One note, though — where Pitts discusses people protesting the dig at Seahenge, he insists that the protestors didn’t understand what was going on. Surely, he seems to think, if they’d understood the circle was going to be destroyed anyway by the sea, if they’d understood the importance to archaeology, they wouldn’t have had anything to protest about. But that ignores the link people still have with the prehistoric monuments like Seahenge. It was built of timber, so surely our ancestors knew it would rot in the end. It was built on the shore, for goodness’ sake — a liminal, impermanent place if there ever was one. They meant for Seahenge to be taken by the sea, perhaps. It may even have been important to them. Who is Mike Pitts, or any archaeologist, to claim that’s not worth respecting?
I share the curiosity about megaliths and henges — obviously. I’ve read this book. But sometimes I do wonder why we privilege our understanding of them over the symbolism they had for ancient peoples. On the one hand, of course those people are gone and won’t know what’s happening. On the other… maybe rescuing Seahenge is not a sign of respect for the past, but a desecration. However important you think the archaeology is, I think there should be room to consider that and accept that some people may feel it trumps the opportunity for radiocarbon dating, and freezing the remains of Seahenge in time in a climate controlled environment. That is not, after all, what Seahenge was built for.
When Pitts concludes that different eras have made what they will of Stonehenge and the other megalithic and megadendritic structures out there, he’s closest to recognising their real power, I think.
The Shadowy Horses, Susanna Kearsley
The Shadowy Horses is another delightful romance with a strong sense of place and a bit of a mystery/ghost story factor, this time set in Scotland in the midst of a dig to find remnants of the Ninth Legion. There’s no proof of what happened to the Ninth Legion, so stories like this and like Rosemary Sutcliff’s The Eagle of the Ninth that try, in different ways, to puzzle out some of it have always fascinated me. That’s not the primary story here, which is a little disappointing, though I didn’t really expect it to be.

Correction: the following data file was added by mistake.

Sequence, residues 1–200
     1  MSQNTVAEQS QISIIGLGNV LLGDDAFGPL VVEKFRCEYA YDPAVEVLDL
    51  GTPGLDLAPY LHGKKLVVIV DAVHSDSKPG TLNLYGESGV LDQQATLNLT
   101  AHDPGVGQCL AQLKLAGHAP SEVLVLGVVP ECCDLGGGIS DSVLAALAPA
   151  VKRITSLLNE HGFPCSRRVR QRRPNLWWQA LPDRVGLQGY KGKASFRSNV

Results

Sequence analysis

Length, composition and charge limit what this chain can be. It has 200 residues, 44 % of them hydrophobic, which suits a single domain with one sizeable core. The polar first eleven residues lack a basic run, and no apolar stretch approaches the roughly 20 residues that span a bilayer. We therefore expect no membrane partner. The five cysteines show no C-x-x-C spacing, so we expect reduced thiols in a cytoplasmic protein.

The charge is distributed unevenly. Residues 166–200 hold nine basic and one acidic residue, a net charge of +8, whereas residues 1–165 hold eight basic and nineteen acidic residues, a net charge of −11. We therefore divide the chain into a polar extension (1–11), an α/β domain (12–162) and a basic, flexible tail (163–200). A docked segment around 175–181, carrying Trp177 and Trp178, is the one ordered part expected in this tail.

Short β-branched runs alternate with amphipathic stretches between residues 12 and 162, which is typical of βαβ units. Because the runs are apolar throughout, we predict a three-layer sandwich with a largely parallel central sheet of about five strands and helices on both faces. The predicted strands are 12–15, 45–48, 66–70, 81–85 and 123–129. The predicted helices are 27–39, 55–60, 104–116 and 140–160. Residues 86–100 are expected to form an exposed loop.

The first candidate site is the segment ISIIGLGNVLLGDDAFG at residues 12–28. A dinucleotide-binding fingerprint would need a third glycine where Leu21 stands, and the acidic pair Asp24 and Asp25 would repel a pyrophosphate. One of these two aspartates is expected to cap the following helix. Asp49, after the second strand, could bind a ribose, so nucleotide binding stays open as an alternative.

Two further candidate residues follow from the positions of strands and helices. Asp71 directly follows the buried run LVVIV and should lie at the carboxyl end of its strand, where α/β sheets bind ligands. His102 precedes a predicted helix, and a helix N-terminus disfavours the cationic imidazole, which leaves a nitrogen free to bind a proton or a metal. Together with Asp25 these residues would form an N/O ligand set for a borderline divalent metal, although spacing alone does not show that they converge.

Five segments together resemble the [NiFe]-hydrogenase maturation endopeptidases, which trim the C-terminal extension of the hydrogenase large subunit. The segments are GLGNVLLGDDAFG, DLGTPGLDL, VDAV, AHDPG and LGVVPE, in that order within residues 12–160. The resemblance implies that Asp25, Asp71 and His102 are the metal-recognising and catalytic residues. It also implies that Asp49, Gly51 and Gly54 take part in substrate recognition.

Primary, of course, is Verity’s story, and the stories of the characters around her; how they intersect and intertwine, and in some cases, part ways. The ghost story might feature a Roman ghost from the Hispana, but it could be any ghost with a tragic story for all that it really matters.
It’s a fun story, and I really need more books like it and like Mary Stewart’s books. The sense of atmosphere and, secondary as it is, the historical background give the romance its flavour.
Why Dinosaurs Matter, Kenneth Lacovara
Received to review via Netgalley; publication date 19th September 2017
The idea of this book is pretty much encapsulated in the words from the summary: “What can long-dead dinosaurs teach us about our future? Plenty.” It’s the story of the dinosaurs as a highly successfully set of creatures who ruled the world — for a time. It’s also the story of their decline and fall, so to speak, and the lessons we can learn from them. Also, a reminder that a penguin is very literally a dinosaur, just as we’re very literally primates.
There’s nothing revelatory here if you’re into dinosaurs, but if you’re looking for something more general than David Hone’s The Tyrannosaur Chronicles, something to get you up to date on current dinosaur scholarship, this isn’t a bad place to start. And I agree with Lacovara: dinosaurs shouldn’t be viewed as synonymous with something obsolete. They ruled the world for a reason.
Acadie, Dave Hutchinson
Received to review via Netgalley; publication date 5th September 2017